Managing Supplier Financial Risk – First Briefing Paper In New Series

We have been focusing here more regularly on procurement and supply chain risk in the last few months, and we produced this paper you can download as well as contributing to a really worthwhile webinar (which you can still access here). This is a vital topic, and one that our friends (and sponsors) at solutions provider riskmethods obviously think about constantly.

Anyway, we’re now kicking off a new initiative with riskmethods – a series of short, snappy “Supply Chain Risk Briefings”.  They will cover some of the most important areas of procurement and supply chain risk. The idea is to give a quick overview of the specific risk area, identify the key impact that it can have, perhaps give a couple of short case study examples, and suggest some approaches that can be taken to mitigate or manage the risk – all within literally two pages.

And just to re-assure you; the paper is not a sales pitch for riskmethods. Whilst clearly the firm does market a platform that supports better risk management, we don’t even mention this in the paper; we’re looking at these topics independently as always.

The first paper is titled “The Most Effective Ways to Mitigate Supplier Financial Risk”. Most of us with a bit of experience in procurement know that sinking feeling when you get the phone call from a supplier to say “we’re in trouble” or even “we don’t exist anymore”. Of course, it is usually even worse if you don’t get the phone call and the first you know of it is reading about it in the paper or on a website! And yes, that has happened to me in the past …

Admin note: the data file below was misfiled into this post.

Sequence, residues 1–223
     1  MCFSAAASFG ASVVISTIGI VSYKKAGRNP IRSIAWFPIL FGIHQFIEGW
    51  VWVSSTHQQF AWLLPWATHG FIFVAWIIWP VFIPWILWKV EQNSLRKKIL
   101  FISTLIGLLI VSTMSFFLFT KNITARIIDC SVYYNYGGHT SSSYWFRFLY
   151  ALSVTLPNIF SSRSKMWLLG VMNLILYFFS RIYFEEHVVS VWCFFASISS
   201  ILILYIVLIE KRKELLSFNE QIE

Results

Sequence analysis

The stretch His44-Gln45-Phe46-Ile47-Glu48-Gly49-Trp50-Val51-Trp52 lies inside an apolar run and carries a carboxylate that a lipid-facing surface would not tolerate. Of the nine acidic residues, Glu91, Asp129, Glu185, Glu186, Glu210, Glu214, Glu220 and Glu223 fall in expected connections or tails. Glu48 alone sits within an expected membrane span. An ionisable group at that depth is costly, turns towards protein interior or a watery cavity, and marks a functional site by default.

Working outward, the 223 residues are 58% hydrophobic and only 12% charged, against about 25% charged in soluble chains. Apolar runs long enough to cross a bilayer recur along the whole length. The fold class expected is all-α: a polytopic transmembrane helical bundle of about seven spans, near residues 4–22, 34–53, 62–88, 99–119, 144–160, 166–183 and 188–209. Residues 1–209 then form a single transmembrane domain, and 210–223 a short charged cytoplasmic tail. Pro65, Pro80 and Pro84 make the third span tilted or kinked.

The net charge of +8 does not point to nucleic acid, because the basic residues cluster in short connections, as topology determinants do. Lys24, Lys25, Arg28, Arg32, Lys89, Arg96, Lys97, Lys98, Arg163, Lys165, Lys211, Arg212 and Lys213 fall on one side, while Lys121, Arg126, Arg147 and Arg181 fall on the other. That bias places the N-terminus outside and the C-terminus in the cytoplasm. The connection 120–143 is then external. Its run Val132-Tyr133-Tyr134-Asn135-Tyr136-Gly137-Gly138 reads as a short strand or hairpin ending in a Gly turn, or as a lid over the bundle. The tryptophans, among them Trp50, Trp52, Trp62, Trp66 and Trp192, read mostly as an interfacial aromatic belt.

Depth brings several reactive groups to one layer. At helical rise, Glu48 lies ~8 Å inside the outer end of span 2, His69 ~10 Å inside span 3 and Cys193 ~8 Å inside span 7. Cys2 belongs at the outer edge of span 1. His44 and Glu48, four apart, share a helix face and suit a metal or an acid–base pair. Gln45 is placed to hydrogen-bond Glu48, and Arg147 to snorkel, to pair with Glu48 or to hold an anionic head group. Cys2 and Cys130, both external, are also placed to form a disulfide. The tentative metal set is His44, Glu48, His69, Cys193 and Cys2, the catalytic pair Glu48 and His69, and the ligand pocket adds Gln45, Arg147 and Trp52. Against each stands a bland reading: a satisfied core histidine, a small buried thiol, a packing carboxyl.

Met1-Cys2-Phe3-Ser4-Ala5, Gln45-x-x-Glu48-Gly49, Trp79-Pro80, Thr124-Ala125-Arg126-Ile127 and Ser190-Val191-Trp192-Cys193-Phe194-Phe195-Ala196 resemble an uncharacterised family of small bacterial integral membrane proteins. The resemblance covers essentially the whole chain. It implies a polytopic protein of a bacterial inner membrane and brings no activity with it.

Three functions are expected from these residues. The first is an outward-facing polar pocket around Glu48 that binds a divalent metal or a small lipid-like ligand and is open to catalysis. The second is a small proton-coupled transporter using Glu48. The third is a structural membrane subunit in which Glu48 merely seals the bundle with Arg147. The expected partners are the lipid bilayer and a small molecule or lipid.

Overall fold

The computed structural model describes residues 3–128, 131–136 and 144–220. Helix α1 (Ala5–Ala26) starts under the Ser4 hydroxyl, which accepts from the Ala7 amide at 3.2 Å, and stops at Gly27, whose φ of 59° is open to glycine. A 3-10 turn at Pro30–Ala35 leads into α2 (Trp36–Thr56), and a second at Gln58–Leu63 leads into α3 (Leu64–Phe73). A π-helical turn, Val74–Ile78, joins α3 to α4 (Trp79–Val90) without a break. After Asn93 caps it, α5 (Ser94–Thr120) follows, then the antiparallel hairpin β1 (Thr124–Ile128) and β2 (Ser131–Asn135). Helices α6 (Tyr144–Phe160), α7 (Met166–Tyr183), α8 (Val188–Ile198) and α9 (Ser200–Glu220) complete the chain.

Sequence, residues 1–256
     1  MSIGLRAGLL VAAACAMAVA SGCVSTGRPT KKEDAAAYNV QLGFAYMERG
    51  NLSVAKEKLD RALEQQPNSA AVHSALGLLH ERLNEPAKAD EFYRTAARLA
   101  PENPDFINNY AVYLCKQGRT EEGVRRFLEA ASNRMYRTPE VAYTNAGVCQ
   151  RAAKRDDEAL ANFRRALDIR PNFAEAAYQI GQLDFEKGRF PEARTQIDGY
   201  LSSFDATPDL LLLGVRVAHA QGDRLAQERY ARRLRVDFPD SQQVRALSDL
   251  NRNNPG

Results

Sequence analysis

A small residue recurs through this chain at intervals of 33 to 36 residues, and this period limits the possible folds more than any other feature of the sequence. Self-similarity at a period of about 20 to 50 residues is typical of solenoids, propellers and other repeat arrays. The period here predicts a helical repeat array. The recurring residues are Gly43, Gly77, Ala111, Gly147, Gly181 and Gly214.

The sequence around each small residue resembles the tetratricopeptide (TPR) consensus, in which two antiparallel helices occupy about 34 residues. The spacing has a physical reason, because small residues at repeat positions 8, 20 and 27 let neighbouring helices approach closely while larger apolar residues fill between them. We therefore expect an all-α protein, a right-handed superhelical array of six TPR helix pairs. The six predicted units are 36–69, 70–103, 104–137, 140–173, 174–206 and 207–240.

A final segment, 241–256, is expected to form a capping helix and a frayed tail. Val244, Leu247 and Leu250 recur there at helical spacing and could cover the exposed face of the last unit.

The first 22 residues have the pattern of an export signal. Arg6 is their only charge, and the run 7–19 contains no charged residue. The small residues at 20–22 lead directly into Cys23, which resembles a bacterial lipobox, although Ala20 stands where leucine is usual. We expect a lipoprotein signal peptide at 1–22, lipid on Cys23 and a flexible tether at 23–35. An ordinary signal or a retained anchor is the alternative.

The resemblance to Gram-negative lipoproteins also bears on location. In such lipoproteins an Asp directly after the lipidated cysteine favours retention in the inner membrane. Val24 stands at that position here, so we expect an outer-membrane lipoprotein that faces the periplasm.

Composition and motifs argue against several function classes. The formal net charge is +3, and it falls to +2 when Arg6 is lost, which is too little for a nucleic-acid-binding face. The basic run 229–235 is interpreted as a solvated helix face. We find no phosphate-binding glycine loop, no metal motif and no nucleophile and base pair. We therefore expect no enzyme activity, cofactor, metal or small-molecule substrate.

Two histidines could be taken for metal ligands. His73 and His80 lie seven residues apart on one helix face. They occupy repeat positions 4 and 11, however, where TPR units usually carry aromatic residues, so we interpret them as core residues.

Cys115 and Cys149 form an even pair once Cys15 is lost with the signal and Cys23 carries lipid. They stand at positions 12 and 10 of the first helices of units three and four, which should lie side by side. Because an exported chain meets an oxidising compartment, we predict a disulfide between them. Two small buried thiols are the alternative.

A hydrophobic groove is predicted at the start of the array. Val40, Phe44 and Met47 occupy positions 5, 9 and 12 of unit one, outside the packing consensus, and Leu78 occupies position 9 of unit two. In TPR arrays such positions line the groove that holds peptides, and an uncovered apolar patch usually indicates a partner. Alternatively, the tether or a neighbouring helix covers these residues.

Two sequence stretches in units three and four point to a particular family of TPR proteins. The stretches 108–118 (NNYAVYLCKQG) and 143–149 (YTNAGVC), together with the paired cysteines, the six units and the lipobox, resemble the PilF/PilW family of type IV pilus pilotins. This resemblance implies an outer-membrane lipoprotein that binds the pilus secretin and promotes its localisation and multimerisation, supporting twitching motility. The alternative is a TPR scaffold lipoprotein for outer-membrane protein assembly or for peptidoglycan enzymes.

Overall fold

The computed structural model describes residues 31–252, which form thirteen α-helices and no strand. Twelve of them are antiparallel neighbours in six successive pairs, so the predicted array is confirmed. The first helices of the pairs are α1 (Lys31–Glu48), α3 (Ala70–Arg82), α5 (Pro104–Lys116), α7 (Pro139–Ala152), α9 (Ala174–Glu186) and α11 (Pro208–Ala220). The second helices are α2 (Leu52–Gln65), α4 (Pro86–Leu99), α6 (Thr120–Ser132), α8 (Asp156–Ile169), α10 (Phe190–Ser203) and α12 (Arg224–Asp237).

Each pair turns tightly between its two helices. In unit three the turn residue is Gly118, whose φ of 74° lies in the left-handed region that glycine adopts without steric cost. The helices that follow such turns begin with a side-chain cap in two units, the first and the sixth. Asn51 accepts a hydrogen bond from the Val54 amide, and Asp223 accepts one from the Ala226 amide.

So what happens if a key supplier goes bust, or has major financial problems short of that ultimate event? We probably think immediately of supply shortages following a key provider of raw materials, components or “direct” goods of some sort disappearing, but the impact if it were a shipping firm or a supplier of outsourced services could be just as severe. These are the sort of issues we discuss, and here is a short extract to give you a flavour of the briefing.

Consequences for Customers  

Supplier problems in this area can lead to a number of negative risk events for customers.

Lack of immediate direct supply – the most obvious risk is simply that supply is no longer available because the supplier ceases to trade. This can be very sudden and unexpected, triggered by a single event or it can be the result of a long series of issues or decline. Supply interruption in terms of goods (raw materials, components and so on) is probably the most frequent occurrence, but there can be issues with services too. Outsourced service providers in many sectors can be critical suppliers for some customers. The bankruptcy in 2016 of Hanjin shipping company demonstrated that providers of services can certainly be the source of major risk problems.

Commercial risk through non-adherence to contracts – there is evidence that some firms have used bankruptcy or potential bankruptcy to get out of onerous contracts. In a case in the automotive industry a few years ago, FormTech filed for Chapter 11 bankruptcy with a new owner, HHI, already lined up. As Automotive News reported: “But HHI opted not to assume agreements with Chrysler Group, Ford Motor Co., General Motors, Toyota Motor Corp., 11 Tier 1 suppliers, and others. According to sources close to the situation, nearly all of FormTech's customers were forced to the negotiating table to work out new long-term supply agreements as a condition to continue receiving parts in the short term”.

 To read more, download our briefing here.

 

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